Open the folder where your files are located in File Explorer. Open File and choose “Open Windows PowerShell.”

3 Ways To Batch Rename Files In Windows Explorer Powershell

Once PowerShell is open, use the below command. While using the command, don’t forget to change “TestName” to your desired file name and use the correct file extension.

3 Ways To Batch Rename Files In Windows Explorer Powershell Rename
3 Ways To Batch Rename Files In Windows Explorer Powershell Rename Close

The above command will take all the files in the directory and pass them to the Rename-Item command, which renames all the files to “TestName*.” Here * denotes numbers, and those numbers are allocated recursively using “$x.” This allows each file to have a unique name.

If you want to change the file extensions of all the files in a directory, use the below command.

3 Ways To Batch Rename Files In Windows Explorer Powershell Rename Extension

What the above command does is take all the files with the .jpg extension in a directory and changes them to .png.

3 Ways To Batch Rename Files In Windows Explorer Powershell Rename Extension Done

To know more about Rename-Item command, read the Microsoft documentation for more definitions and examples.

Which of the above three methods do your prefer?? Sure, PowerShell may be overwhelming for beginners, but it is fun to work with once you’ve gained some experience. You can even uninstall those pesky preinstalled apps.

Hopefully that helps, but do share your thoughts and other methods of manually batch-renaming files. You might also want to learn how to create symbolic links to files for quick access. Also, if you’re planning move files around in bulk in File Explorer, explore these easy ways to copy a large number of files quickly.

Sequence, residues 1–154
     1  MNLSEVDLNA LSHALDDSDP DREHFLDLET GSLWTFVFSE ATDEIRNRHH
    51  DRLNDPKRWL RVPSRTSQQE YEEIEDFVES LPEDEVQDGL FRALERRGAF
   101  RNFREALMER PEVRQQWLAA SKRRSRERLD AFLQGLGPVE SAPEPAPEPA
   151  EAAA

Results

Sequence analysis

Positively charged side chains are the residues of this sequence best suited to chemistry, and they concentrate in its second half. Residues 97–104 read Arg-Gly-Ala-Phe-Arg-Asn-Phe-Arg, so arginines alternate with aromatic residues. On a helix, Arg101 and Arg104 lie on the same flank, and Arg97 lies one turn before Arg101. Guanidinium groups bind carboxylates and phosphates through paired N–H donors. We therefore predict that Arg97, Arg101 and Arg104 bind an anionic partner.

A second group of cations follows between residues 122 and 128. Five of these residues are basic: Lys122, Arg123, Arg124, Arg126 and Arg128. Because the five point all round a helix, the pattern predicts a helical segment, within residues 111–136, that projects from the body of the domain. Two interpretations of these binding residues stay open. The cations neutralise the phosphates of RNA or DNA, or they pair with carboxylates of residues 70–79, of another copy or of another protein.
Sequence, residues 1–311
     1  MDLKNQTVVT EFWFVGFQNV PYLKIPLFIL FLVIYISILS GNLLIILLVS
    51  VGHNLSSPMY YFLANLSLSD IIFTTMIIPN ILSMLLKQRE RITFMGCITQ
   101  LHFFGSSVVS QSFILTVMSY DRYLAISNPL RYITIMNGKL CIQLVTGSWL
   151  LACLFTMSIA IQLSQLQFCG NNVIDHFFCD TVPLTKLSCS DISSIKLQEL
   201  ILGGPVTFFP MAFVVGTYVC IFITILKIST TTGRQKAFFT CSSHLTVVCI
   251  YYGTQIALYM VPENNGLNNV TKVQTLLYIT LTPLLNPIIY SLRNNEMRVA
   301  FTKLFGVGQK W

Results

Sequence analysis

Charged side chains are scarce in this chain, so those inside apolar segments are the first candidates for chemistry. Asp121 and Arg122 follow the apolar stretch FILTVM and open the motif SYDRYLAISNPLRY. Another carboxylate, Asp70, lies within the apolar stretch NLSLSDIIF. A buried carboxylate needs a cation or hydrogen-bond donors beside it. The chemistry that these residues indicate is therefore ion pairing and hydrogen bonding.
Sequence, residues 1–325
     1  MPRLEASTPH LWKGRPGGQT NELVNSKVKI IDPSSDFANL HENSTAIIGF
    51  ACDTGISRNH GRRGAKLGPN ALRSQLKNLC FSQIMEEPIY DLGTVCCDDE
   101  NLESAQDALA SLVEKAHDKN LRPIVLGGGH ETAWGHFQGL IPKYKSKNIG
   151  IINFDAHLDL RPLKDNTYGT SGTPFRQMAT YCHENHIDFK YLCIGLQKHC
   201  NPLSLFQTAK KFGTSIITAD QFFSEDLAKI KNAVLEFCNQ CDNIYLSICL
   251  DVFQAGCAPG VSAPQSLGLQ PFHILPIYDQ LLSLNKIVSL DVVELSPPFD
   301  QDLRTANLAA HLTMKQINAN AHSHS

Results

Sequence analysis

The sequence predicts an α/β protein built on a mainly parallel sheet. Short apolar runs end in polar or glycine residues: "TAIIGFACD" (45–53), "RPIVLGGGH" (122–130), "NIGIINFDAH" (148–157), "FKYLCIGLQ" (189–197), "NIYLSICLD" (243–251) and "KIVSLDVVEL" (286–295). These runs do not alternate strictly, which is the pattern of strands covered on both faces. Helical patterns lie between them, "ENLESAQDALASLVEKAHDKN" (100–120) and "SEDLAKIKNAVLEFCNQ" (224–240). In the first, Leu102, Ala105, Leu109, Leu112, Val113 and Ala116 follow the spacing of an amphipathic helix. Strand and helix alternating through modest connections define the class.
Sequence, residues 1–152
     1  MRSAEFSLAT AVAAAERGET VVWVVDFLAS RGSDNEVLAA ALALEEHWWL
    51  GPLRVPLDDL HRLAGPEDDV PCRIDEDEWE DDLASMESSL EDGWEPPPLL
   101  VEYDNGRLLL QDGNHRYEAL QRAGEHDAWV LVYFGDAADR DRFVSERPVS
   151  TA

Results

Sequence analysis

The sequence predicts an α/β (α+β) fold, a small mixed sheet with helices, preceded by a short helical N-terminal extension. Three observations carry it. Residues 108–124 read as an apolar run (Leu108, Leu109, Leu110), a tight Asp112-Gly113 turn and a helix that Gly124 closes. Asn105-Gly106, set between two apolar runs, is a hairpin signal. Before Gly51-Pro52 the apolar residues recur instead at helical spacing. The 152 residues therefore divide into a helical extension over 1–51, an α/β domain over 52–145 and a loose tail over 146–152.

Crystal Crowder Crystal Crowder

Crystal Crowder has spent over 15 years working in the tech industry, first as an IT technician and then as a writer. She works to help teach others how to get the most from their devices, systems, and apps. She stays on top of the latest trends and is always finding solutions to common tech problems.


  1. I use “ReNamer”. It’s a nice program that one can add scripts and rules to, perfect for lots of substitutions at once.

  2. After years of trying, I have settled for Renamer. I think it is the best for Windows.


  3. @Ike Hall @Dave @Krish: those are some good renaming utilities, but using command prompt or powershell is just fun.

  4. Hello, i found this software which is really great for batch file rename in windows and it works really well. Its easy to use also. The software’s Name is KrojamSoft Batch Rename.

  5. Hopefully someone is still monitoring this thread. I have a problem that I’m hoping someone can assist with.

    I already have a group of photos labeled Jamaica 001, Jamaica 002, etc. – all the way through Jamaica 1598. When I imported the second group (I have four groups to import), it created a SEPARATE folder. I fully expected it to append and start with Jamaica 1599 – but it didn’t. So now I have TWO folders with photos that are redundant in name – i.e., two Jamaica 001 pics, two Jamaica 002 pics, etc.

    SURELY there’s a way to use the command prompt to rename them starting with a specific number, right? If I take the second import group (and subsequently the third and fourth), add them to a folder off the root of C (say, C:\Import), I’d like to think I could use the ren option to start at a specific number…in this case Jamaica 1599.

    Any assistance would be appreciated!

    1. Hi Mike – If they’re currently named as “Jamaica (001)” the easiest method would simply be to highlight each group in File Explorer, select the first file name of the group and enter the new name using the next number. So, to start with 1599, you’d highlight everything in that group, right-click to rename the first photo and call it “Jamaica (1599)”. Then, they’ll continue naming consecutively.

      It doesn’t come out so well using command prompt, but one of the suggested scripts here – https://stackoverflow.com/questions/42863483/command-prompt-batch-rename-multiple-files-with-sequential-numbering might help.